Attorney General, et al. v. Dickson Tapela, et al.

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Case 1: Tapela and Piye, two Zimbabwean nationals imprisoned in Botswana, both contracted HIV in prison. They were refused antiretroviral treatment for their condition based on a internal directive issued by the national government to all public medical institutions and personnel on March 26, 2004, indicating that testing, assessment, and treatment with antiretroviral and highly active anti-retroviral therapy (HAART) be freely provided to all prisoners, except HIV-positive, non-citizen prisoners.

Tapela and Piye, along with the Botswana Network on Ethics, Law and HIV/AIDS, filed a civil claim against the government, asserting that the internal directive denying foreign prisoners free access to treatment, while affording free treatment to citizen prisoners, was invalid and violated both the Prison Act and Regulations, and their constitutional rights to life, non-discrimination, and freedom from inhuman and degrading treatment.  The dominant relief sought was (1) a declaration that the internal directive was unlawful and invalid to the extent that it denies access to treatment to HIV-positive foreign inmates, and (2) an order that the treatment be provided to the plaintiffs, as well as all future non-citizen inmates with HIV.  The lower court held that refusal of treatment to HIV-positive foreign inmates was invalid, the plaintiffs’ constitutional rights were violated, and the government’s duty to provide basic health services to prison inmates was breached.  The court ordered that Tapela and Piye be enrolled in antiretroviral treatment.  The government appealed this decision.

Case 2: Mwale, a Zimbabwean national imprisoned in Botswana, contracted HIV in prison, which progressed into AIDS.  Upon hearing of the outcome of Tapela and Piye’s case, Mwale applied for free antiretroviral treatment, but was refused.  Mwale filed a civil claim against the government alleging contempt for failure to enroll him in treatment, breach of obligation, and violation of his constitutional rights.  The lower court held that all the holding of Tapela and Piye’s case was to be applied to all foreign prisoners, and ordered that Mwale be enrolled in antiretroviral treatment. The government appealed this decision.

Case 1 and Case 2 are joined in the present appeal.

The Court of Appeals dismissed the appeal, upholding the lower court's decision that denial of testing, assessment, and antiretroviral treatment to foreign prisoners, while affording it freely to citizens, discriminated unlawfully against non-citizens.

The Court held that the lower court erred in invoking the constitutional rights of the prisoners.  Accordingly, the Court adjusted the lower court's orders to exclude references to the constitution, instead ordering:

  • the decision to withhold free medical treatment from HIV-positive non-citizen prisoners be set aside;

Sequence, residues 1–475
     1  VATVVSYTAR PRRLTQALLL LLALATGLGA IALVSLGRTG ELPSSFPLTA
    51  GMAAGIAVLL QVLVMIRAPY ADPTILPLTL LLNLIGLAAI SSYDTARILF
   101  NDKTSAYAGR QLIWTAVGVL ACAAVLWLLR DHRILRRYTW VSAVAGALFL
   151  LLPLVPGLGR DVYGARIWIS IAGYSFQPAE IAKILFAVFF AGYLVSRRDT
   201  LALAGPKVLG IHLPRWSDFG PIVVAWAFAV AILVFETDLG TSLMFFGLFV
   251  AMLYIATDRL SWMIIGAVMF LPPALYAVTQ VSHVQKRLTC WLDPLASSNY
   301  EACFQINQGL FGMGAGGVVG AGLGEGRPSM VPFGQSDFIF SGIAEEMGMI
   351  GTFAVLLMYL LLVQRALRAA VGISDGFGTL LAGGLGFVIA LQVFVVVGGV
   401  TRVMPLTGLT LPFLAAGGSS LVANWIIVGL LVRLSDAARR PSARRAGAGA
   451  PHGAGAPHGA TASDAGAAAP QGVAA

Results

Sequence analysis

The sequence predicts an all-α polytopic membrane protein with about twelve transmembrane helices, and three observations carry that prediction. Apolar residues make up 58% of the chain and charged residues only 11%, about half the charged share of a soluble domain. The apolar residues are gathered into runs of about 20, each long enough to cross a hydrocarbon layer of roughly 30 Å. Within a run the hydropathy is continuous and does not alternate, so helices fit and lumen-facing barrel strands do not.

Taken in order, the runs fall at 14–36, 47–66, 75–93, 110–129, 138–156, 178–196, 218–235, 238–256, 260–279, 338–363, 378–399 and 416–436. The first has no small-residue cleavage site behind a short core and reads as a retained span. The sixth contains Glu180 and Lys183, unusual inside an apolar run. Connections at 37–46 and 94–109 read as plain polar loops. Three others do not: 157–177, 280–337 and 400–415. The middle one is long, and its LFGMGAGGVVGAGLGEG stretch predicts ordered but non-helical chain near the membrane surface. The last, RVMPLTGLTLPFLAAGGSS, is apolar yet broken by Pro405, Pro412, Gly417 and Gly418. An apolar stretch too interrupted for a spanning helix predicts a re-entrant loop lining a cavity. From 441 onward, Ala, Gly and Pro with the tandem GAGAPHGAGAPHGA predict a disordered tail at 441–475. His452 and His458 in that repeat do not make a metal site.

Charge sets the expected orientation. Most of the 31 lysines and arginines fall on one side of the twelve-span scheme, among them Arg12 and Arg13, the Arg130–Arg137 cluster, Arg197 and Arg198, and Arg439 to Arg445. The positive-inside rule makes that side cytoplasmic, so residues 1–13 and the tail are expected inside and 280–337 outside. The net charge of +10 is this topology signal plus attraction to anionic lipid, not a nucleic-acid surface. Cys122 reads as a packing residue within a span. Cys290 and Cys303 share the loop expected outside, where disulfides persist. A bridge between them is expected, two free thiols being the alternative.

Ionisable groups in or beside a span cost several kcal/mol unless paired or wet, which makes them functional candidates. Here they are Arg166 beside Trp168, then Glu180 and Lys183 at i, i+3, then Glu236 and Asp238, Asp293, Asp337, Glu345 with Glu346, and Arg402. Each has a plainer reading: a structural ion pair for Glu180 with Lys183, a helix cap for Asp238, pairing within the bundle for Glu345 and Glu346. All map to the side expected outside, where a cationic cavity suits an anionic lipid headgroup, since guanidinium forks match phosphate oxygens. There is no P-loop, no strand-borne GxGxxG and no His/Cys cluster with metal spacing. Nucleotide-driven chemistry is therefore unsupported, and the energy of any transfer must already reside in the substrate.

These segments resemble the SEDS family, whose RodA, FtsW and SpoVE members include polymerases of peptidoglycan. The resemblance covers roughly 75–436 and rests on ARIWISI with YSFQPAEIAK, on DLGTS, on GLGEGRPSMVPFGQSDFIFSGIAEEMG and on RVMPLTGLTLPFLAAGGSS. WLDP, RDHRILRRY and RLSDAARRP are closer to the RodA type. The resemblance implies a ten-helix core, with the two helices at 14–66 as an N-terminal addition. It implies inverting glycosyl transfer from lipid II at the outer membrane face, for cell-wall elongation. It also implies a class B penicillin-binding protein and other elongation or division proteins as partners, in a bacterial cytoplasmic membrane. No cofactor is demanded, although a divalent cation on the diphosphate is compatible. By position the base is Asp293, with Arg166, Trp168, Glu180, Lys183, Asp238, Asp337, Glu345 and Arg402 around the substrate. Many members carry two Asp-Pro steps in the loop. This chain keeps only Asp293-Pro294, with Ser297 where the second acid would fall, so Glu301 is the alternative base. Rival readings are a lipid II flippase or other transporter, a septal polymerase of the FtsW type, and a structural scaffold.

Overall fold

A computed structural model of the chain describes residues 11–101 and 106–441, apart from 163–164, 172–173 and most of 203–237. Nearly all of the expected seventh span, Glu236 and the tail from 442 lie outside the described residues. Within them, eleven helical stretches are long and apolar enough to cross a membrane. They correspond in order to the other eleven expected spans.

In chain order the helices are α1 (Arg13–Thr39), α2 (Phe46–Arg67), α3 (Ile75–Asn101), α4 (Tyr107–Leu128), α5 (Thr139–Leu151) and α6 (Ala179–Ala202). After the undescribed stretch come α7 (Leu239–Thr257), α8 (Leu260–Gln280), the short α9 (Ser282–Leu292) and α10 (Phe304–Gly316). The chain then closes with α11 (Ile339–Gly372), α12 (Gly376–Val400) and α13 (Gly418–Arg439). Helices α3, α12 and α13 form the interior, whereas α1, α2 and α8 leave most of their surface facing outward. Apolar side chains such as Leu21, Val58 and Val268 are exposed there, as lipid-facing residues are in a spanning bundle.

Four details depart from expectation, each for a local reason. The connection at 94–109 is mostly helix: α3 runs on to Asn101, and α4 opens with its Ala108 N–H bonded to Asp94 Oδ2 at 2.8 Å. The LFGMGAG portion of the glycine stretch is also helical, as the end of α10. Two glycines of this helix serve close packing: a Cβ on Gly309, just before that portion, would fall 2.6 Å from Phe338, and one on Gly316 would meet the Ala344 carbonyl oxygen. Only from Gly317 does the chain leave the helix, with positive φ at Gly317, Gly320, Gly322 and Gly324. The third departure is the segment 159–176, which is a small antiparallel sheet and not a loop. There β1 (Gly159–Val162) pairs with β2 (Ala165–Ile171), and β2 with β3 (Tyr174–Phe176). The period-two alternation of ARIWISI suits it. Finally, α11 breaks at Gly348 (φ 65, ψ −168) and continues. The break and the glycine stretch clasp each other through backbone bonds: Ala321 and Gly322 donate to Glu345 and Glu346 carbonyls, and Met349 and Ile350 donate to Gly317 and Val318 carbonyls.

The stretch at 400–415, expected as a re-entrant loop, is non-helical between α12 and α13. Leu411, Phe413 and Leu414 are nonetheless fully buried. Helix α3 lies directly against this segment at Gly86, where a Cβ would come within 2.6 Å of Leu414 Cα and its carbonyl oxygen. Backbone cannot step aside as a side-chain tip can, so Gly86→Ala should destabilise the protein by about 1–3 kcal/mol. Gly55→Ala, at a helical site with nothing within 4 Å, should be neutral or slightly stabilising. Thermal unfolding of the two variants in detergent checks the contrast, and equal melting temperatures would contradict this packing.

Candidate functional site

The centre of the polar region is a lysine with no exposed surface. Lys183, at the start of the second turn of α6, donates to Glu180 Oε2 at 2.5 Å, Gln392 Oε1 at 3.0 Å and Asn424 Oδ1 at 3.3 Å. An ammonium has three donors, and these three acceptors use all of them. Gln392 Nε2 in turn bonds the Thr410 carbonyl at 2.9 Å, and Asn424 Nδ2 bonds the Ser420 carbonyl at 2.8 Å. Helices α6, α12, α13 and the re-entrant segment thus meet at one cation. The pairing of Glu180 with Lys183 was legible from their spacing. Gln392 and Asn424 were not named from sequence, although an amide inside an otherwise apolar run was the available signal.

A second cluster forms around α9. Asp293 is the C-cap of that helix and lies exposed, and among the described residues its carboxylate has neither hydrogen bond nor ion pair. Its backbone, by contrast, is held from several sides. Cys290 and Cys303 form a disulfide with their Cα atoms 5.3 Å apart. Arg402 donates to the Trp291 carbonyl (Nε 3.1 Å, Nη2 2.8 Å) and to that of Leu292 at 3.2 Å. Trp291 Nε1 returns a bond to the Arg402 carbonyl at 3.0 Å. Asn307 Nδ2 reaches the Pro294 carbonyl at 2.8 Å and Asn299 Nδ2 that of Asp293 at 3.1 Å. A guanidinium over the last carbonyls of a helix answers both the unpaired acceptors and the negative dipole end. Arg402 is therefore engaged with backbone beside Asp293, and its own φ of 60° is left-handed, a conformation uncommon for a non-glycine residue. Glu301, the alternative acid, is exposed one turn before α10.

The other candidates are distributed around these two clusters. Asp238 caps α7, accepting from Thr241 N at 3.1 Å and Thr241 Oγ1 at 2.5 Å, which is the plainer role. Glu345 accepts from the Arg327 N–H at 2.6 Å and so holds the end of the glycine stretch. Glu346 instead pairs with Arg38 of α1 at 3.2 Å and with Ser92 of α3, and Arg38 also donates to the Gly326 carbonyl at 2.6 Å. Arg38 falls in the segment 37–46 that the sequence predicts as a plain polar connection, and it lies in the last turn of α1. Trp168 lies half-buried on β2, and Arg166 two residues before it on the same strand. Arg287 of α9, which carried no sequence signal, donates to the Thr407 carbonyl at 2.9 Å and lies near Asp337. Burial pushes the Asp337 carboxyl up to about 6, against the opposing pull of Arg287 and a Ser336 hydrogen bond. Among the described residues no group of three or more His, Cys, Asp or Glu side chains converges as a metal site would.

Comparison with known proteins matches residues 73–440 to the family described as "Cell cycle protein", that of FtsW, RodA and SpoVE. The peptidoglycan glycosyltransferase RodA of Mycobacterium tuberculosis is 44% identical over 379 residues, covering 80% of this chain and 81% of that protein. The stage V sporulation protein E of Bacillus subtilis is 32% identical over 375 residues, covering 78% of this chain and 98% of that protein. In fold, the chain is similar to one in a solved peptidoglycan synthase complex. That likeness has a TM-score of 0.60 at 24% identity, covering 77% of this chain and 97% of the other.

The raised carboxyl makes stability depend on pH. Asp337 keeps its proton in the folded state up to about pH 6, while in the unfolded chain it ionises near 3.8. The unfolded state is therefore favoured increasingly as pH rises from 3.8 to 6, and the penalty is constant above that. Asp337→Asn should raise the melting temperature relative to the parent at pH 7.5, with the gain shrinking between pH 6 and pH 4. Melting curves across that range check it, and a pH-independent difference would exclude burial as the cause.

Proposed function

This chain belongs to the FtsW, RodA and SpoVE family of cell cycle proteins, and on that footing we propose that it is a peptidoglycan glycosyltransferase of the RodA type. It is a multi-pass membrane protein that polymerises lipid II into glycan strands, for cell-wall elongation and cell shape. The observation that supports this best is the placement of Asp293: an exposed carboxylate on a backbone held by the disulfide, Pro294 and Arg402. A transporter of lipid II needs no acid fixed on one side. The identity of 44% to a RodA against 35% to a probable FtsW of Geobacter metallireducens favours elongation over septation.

• this decision be applied to all other HIV-positive foreign prisoners, in compliance with the Prisons Act and Regulations.

The Court asserted that this decision applies narrowly to foreign prisoners seeking medical treatment to which they are entitled under the Prisons Act and Regulations.

The Court held that the directive could not be justified by public interest concerns due to resource constraints, because a bald statement from the government, absent evidence showing statistics and cost analyses, did not adequately demonstrate that providing antiretroviral treatment to non-citizens was unaffordable.  The Court stated that a lack of funds could not, in the normal course, justify disobedience to laws protecting human rights and freedoms.

The Court held that there exists no constitutional right to health care in Botswana, and that this right, along with other "socio-economic" rights, cannot be inferred from overbroad constructions of the rights to life and freedom from inhuman or degrading treatment.

The Court held that section 15(4)(b) of the constitution did not give permission for discrimination against non-citizens in the performance of public functions, because this provision is only applicable to discriminatory laws.  The Prisons Act is neither discriminatory nor unconstitutional, and the administrative directive order from the government did not amount to law in this context.

"In terms of the common law the State has the duty to keep good health the prisoners in its custody because, having forfeited their freedom, they are unable to property fend for themselves" Page 25, para. 40.

"The refusal of free enrolment on HAART to non-citizen prisoners when this is afforded to citizen prisoners clearly discriminates against the non-citizen on account of their place of origin . . ." Page 37, para. 55.

"There will be many decisions of the Court that by their very nature carry financial implications for the Government . . . If the law requires a service to be provided, then funds must be found to provide that service, or Parliament must be engaged to amend that law. Lack of funds will not in the normal course justify disobedience of the law." Page , para. 70.